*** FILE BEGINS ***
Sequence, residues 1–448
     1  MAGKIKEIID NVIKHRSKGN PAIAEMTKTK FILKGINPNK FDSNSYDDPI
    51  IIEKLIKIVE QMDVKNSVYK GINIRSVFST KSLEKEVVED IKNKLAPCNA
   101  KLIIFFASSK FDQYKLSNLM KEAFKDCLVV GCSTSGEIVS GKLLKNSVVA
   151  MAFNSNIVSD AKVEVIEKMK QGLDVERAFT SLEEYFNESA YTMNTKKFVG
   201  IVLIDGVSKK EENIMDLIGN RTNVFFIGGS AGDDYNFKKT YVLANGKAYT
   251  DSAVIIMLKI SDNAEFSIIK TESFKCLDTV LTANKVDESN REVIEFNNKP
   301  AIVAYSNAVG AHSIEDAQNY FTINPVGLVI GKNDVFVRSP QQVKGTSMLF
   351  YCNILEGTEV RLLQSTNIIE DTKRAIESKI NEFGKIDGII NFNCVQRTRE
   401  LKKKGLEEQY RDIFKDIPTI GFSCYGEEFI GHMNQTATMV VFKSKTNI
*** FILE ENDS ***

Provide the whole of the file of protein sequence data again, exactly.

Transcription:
Sequence, residues 1–448
     1  MAGKIKEIID NVIKHRSKGN PAIAEMTKTK FILKGINPNK FDSNSYDDPI
    51  IIEKLIKIVE QMDVKNSVYK GINIRSVFST KSLEKEVVED IKNKLAPCNA
   101  KLIIFFASSK FDQYKLSNLM KEAFKDCLVV GCSTSGEIVS GKLLKNSVVA
   151  MAFNSNIVSD AKVEVIEKMK QGLDVERAFT SLEEYFNESA YTMNTKKFVG
   201  IVLIDGVSKK EENIMDLIGN RTNVFFIGGS AGDDYNFKKT YVLANGKAYT
   251  DSAVIIMLKI SDNAEFSIIK TESFKCLDTV LTANKVDESN REVIEFNNKP
   301  AIVAYSNAVG AHSIEDAQNY FTINPVGLVI GKNDVFVRSP QQVKGTSMLF
   351  YCNILEGTEV RLLQSTNIIE DTKRAIESKI NEFGKIDGII NFNCVQRTRE
   401  LKKKGLEEQY RDIFKDIPTI GFSCYGEEFI GHMNQTATMV VFKSKTNI